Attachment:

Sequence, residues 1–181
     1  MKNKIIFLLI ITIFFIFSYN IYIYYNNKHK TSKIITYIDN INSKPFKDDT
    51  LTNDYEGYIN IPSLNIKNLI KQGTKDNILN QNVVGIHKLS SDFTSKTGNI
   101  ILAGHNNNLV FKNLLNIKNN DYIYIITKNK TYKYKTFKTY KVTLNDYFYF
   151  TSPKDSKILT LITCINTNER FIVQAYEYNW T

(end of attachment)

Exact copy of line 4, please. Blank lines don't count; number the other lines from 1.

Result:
   101  ILAGHNNNLV FKNLLNIKNN DYIYIITKNK TYKYKTFKTY KVTLNDYFYF